MERCURY REMOVAL It is not unusual for gas streams to contain 1 to 10 micrograms/Nm3 (approx. 0.1 to 10 ppbv) of mercury. Some gas streams have been reported to have over 100 micrograms/m3
(approx. 10 ppbv). The mercury can attack aluminum in the plate fin heat exchangers used in most modern cryogenic plants. In order for the attack to occur, the mercury must be present as a free liquid. This situation cannot occur above â€“40F. Technically, mercury containing feedstocks can be handled without aluminum corrosion. Mercury containing equipment which is kept at low temperature can be decontaminated by carrying out a cold, then warm purge with bone dry gas. However, this is not a practical method to be assured that mercury attack does not occur. The mercury in the feed gas can be removed with a mercury removal bed. The bed uses a sulfur based trapping material which reacts with the mercury to form cinnabar (HgS) on the bed. The trapping material is carried on activated carbon, zeolite or alumina. The trapping bed is usually located downstream of the dehydration. In this location, the gas is free of entrained liquids and water. Locating the bed in other locations is very dependent on the material used as recommended by the vendor. Figure 16-29 shows an example mercury removal bed. The mercury beds are designed to remove the mercury to 0.001 micrograms/Nm3. Each vendor has criteria for sizing beds for their material but some rules of thumb are that the bed should be sized for a superficial flow velocity of about 50 ft/min and a residence time of 10 seconds. With the rather small mass of mercury which is typically removed, the beds can last many years between change outs.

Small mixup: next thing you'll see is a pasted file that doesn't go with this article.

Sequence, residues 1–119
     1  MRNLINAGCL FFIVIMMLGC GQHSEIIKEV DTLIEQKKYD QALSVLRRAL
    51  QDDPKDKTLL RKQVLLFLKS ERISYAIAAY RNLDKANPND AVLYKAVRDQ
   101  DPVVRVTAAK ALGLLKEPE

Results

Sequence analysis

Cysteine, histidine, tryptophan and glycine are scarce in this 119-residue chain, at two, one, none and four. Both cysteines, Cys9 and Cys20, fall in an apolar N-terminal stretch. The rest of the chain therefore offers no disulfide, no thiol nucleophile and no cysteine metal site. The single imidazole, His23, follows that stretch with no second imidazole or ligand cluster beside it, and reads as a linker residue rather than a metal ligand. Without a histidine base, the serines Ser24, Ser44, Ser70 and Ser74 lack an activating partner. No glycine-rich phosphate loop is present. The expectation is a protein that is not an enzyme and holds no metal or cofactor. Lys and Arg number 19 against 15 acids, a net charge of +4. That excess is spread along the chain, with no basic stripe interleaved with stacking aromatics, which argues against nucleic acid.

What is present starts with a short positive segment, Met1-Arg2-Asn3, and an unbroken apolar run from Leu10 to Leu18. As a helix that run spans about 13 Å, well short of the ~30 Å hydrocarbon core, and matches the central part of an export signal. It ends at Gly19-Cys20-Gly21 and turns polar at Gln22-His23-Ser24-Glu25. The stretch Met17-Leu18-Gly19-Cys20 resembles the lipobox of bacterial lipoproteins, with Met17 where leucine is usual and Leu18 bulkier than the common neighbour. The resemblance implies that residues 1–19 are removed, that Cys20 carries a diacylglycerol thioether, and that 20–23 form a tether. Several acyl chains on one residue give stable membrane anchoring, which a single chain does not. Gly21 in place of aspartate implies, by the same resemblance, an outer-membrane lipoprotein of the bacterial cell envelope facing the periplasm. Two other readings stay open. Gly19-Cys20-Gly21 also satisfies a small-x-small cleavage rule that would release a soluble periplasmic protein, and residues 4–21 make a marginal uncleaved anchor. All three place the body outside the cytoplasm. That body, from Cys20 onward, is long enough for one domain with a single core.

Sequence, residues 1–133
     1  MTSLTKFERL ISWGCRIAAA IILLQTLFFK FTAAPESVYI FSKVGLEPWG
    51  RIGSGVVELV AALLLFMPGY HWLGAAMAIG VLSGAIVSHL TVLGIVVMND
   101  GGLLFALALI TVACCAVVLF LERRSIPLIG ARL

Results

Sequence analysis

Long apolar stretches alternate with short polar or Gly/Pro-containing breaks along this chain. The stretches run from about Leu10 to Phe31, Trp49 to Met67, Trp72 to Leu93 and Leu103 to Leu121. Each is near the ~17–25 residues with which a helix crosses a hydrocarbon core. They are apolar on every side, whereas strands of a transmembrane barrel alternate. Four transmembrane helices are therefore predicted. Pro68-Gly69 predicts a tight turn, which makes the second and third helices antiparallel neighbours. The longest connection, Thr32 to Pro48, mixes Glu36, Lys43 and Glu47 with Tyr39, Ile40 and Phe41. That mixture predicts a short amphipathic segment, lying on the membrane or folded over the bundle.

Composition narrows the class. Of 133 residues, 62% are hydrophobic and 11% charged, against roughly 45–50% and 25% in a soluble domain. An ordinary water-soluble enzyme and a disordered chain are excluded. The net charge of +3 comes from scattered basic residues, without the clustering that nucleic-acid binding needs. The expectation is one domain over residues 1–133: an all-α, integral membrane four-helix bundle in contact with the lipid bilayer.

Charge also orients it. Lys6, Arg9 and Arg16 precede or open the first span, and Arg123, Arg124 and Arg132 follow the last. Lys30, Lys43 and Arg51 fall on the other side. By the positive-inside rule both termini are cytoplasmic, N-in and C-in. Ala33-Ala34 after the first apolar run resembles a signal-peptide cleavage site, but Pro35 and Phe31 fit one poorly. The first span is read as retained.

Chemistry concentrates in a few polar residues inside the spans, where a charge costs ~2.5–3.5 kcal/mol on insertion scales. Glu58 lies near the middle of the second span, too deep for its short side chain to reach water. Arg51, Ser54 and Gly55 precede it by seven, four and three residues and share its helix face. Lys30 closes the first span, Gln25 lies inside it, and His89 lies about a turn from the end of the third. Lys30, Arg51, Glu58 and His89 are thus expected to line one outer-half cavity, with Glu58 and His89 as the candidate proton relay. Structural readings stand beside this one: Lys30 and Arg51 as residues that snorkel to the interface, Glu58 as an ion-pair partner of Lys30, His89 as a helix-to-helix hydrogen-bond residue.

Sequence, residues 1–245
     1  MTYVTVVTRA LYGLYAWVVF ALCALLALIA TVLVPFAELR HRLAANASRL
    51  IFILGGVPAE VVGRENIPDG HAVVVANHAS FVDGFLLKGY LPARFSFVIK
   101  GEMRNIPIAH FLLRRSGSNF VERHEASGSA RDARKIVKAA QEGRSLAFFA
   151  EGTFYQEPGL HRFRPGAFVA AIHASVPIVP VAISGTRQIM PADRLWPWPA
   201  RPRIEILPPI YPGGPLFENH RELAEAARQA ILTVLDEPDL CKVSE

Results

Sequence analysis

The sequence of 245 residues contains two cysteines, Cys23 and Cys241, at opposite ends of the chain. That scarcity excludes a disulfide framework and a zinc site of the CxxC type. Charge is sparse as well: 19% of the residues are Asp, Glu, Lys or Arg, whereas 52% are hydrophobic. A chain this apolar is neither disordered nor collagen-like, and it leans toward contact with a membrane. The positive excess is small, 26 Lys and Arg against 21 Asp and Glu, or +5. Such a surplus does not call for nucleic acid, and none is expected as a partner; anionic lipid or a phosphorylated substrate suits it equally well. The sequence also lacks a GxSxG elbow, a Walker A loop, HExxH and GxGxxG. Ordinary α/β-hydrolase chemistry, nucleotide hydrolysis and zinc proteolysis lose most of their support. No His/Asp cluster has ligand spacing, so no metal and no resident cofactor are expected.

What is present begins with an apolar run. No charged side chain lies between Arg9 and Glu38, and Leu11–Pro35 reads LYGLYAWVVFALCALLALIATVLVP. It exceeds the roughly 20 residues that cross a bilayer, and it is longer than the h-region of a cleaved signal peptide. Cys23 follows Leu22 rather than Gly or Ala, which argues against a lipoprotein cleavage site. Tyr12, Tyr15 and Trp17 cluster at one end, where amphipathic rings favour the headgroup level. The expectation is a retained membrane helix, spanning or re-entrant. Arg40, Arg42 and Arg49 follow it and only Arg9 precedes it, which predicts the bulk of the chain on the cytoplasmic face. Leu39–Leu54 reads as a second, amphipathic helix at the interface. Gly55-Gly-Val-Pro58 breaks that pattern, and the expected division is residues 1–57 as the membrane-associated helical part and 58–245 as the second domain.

FIG. 16-28 Four-column Fractionation System
LIQUEFIED NATURAL GAS PRODUCTION The principal reason for liquefying natural gas is the 600fold reduction in the volume which occurs with the vapor-toliquid phase change. This volume reduction is important in the transportation and storage of the gas. In the liquid state, the gas can be transported in discrete quantities, can be economically stored in tanks for use as required, and can be transported long distances not feasible with gas pipelines.
In order to produce the low temperature necessary for liquefaction, mechanical refrigeration systems are utilized. Three types of liquefaction processes can be used to accomplish this refrigeration: